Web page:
The long and the short of Bell Local’s ‘Pique’ commission

Bell Local producer Ian Daffern discusses the local programming service's collaboration with director/curator Imad Elsheikh to transform his video clips into useable VOD content.

Even in today’s bite-size video culture, sometimes short can be too short.

Such was the case when Bell Local producer Ian Daffern came across director and curator Imad Elsheikh’s Pique project, a series of 15-second videos showcasing Toronto artists and personalities.

Thematically, the series was a perfect fit for Bell Local, Fibe TV’s on demand “community cable” service.

But the 15-second clips were problematic, he says: “Fifteen seconds don’t work well for VOD because viewers have to click through and activate each episode individually, then return back to a main menu.”

However, Daffern and Elsheikh worked together to re-cut the super-short eps into five-minute episodes tailor-made for the Bell Local service.

The videos showcase 100 Torontonians, ranging from artists and rappers to skateboarders.

“These are the people we should be covering for Bell Local,” Daffern quips. “You build an audience also by reaching out to people who want to see themselves on TV too. There are 100 artists here, and all of them have their own networks.”

Also key to the commission was the ancillary and social media content Elsheikh produced to go along with Pique.

Each of the original videos was accompanied by photos and short write-ups that Elsheikh published to tumblr and Instagram, key material that Bell Local was then able to use for marketing. “All we did was put a logo on [the materials], and we were able to market our show,” Daffern said.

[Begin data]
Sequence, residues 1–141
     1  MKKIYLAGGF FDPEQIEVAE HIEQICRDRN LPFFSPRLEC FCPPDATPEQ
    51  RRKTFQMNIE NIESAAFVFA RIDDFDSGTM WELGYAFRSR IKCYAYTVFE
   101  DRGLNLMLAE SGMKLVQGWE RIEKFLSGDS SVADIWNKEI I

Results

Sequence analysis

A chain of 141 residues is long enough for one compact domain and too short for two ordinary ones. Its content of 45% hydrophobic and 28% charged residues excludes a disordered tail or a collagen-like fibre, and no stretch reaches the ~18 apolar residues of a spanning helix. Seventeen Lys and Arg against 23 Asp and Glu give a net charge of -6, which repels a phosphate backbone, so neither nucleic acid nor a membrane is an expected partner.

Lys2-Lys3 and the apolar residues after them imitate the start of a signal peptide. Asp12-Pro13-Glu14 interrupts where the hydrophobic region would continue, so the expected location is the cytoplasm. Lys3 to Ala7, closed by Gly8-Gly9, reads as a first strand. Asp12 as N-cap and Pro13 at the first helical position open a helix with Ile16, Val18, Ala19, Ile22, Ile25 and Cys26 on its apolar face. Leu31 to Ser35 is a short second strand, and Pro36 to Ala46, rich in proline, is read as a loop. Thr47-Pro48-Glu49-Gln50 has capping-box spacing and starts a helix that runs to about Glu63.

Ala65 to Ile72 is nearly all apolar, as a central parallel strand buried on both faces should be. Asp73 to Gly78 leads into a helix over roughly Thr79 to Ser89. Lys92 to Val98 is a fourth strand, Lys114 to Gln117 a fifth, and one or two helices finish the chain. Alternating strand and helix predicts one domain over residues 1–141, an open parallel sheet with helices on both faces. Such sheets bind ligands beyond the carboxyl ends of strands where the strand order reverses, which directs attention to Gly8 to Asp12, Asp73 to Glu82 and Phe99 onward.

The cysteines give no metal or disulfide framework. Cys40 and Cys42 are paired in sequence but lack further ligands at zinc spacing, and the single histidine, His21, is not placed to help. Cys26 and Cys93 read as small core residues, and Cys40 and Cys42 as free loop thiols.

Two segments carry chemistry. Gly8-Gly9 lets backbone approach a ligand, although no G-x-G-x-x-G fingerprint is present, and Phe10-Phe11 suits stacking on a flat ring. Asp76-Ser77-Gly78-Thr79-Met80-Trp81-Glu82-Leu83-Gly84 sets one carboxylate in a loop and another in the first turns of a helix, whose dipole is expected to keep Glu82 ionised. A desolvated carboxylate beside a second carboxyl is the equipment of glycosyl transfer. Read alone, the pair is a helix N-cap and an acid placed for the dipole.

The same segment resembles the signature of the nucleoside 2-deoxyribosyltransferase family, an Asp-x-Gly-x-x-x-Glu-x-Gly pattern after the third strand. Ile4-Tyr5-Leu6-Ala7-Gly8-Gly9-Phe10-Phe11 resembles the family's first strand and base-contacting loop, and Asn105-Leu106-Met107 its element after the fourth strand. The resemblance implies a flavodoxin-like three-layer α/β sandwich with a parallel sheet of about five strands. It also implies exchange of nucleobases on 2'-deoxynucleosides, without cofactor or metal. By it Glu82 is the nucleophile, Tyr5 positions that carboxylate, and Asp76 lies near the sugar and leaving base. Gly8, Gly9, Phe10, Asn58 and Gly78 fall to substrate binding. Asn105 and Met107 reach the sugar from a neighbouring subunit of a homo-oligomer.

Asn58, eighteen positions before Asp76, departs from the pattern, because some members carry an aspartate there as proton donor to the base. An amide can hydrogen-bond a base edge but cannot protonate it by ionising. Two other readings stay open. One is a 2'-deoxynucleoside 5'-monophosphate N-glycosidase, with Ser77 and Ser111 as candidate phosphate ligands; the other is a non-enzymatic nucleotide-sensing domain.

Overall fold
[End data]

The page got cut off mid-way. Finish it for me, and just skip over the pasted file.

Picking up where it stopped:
With all six episodes of Pique live on the channel, Bell Local has commissioned a second season of the series that will feature ten-minute long episodes and is slated to bow this fall.

Elsheikh said he would like to shoot subsequent seasons of the series in a city outside Toronto keep the content and format fresh.

“It can be multiplied to other locations – it doesn’t have to necessarily just be Toronto,” Elsheikh said.

Other properties Bell Local has commissioned have found success on the international stage despite a hyper-local focus. The format rights to Crazyshirt Productions’ Touring T.O., the first scripted series Bell Local commissioned, were acquired by Fremantle Corp. earlier this year.

The series follows two unlikely friends and an intern running a struggling rickshaw tour company that takes tourists to obscure Toronto landmarks. Fremantle Corp. CEO Brad Pelman told Playback Daily at the time that the Touring T.O. format can be up-scaled by an international broadcaster or produced on a shoestring budget, as on Bell Local.

- with files from Etan Vlessing